The powerful documentary, Algren, shines a much needed light on Nelson Algren. By highlighting his words as much as his deeds, director Michael Caplan raises Algren up to stand, again, by his contemporaries from mid-century American literature. He belongs with the greats, yet he is little known today.
Algren found fame early by descending to the demimonde of Chicago, his city. He wrote a biography of Chicago entitled, Chicago: A City on the Make, in which he said, “Once you’ve come to be part of this particular patch, you’ll never love another. Like loving a woman with a broken nose, you may find lovelier lovelies. But never a lovely so real.”
Algren wrote about people he observed as he walked his city’s streets — Polish immigrants (his people), hookers, and the hooked. In 1949, he turned their story into The Man with the Golden Arm. for that novel, he received the first National Book Critics Award in 1950, presented by a fellow writer, Eleanor Roosevelt.
Other contemporaries, such as Richard Wright, Ernest Hemingway, Studs Terkel, lauded Algren. By bringing in their words and vintage interviews, Caplan brings Algren out of the shadows. By highlighting Algren’s words, either on strips of typewritten paper or in narration by David Pasquesi, Caplan ignites Algren. By presenting those words against vivid, vintage newsreels, Caplan brings color to black and white, mid-century America in admirable edits by Drew Hall, who also complemented Algren’s quotes with contemporary images. Evocative music backs up the pictures.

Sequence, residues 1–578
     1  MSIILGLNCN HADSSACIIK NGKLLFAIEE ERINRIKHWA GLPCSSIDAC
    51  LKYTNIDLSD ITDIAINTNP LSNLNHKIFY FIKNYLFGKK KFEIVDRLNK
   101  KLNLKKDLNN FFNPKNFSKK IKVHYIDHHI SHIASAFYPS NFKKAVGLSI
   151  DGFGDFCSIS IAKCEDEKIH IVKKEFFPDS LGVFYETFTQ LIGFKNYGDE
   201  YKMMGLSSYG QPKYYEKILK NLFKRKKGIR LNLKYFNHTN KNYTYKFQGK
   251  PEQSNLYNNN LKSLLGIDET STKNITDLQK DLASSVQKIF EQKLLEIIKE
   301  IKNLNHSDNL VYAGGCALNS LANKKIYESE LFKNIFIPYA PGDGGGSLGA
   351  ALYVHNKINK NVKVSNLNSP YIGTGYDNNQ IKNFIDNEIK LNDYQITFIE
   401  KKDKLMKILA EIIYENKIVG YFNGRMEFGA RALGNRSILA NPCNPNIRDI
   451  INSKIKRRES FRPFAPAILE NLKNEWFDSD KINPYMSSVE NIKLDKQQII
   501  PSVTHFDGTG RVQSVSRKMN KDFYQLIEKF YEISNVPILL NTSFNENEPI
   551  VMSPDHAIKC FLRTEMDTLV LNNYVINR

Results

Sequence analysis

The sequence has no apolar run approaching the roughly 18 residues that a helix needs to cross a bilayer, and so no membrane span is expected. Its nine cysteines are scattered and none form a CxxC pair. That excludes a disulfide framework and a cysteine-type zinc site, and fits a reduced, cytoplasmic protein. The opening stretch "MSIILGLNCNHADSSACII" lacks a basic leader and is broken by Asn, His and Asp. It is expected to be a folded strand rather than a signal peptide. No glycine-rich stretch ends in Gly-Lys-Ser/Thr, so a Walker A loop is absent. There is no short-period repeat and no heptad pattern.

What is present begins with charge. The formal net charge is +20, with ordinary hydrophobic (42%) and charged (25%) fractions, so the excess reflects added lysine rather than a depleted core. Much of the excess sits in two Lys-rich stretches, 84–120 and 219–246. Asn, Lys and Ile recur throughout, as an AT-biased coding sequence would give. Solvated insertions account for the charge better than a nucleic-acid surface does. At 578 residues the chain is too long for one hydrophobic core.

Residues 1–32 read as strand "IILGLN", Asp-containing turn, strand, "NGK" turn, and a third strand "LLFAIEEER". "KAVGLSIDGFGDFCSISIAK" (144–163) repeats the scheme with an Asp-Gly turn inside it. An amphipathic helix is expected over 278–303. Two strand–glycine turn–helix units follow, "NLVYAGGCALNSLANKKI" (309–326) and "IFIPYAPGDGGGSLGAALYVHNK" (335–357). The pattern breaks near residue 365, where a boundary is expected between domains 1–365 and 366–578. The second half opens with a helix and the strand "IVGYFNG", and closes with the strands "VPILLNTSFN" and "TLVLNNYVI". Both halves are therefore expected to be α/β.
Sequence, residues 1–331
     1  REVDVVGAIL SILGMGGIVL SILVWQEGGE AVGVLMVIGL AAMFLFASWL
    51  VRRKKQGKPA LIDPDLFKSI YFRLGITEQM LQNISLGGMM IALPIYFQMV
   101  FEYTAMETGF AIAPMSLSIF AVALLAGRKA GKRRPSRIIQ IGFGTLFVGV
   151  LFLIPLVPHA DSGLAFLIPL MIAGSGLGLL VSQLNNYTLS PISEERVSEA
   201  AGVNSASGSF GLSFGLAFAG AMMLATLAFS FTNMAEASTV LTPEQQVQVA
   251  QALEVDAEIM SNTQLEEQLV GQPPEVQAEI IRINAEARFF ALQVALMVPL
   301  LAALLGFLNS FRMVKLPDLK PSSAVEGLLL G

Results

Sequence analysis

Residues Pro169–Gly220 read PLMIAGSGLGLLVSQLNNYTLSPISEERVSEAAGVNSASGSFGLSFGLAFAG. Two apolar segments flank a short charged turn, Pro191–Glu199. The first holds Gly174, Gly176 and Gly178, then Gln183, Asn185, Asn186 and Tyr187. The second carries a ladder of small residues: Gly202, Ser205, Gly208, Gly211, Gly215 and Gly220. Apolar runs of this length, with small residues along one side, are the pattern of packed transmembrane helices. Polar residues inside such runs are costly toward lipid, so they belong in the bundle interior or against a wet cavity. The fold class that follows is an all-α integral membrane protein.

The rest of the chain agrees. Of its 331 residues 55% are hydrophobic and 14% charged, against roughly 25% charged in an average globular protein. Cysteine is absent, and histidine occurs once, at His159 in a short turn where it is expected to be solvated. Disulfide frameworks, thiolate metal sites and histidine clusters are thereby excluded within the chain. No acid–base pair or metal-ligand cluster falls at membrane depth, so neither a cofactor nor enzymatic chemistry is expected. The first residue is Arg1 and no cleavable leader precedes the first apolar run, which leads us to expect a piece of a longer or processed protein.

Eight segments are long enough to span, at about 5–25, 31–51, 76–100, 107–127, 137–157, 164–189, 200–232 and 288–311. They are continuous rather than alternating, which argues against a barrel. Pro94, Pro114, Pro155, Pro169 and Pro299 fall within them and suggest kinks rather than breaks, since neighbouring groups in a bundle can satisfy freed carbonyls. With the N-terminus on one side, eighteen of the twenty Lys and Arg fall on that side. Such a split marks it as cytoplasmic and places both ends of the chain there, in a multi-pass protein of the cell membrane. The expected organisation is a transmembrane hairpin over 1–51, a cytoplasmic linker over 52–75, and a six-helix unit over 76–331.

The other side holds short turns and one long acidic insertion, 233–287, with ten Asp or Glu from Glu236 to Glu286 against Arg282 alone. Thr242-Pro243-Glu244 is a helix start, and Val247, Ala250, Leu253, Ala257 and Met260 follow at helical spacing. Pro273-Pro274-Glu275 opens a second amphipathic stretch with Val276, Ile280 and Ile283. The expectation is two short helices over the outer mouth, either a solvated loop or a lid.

Caplan follows Algren from his first success through his love affair with French feminist Simone de Beauvoir, through his days of being down and out or of serving in the Army or of his miserable gambling and lousy husbanding. Caplan does all this with interviews with people who loved him and whom he influenced — Studs Terkel, Russell Banks, John Sayles, William Friedkin.
Algren inspires and transfixes viewers to become readers of Algren, admirers of Algren, followers of Algren — which translates to gold far beyond pulp.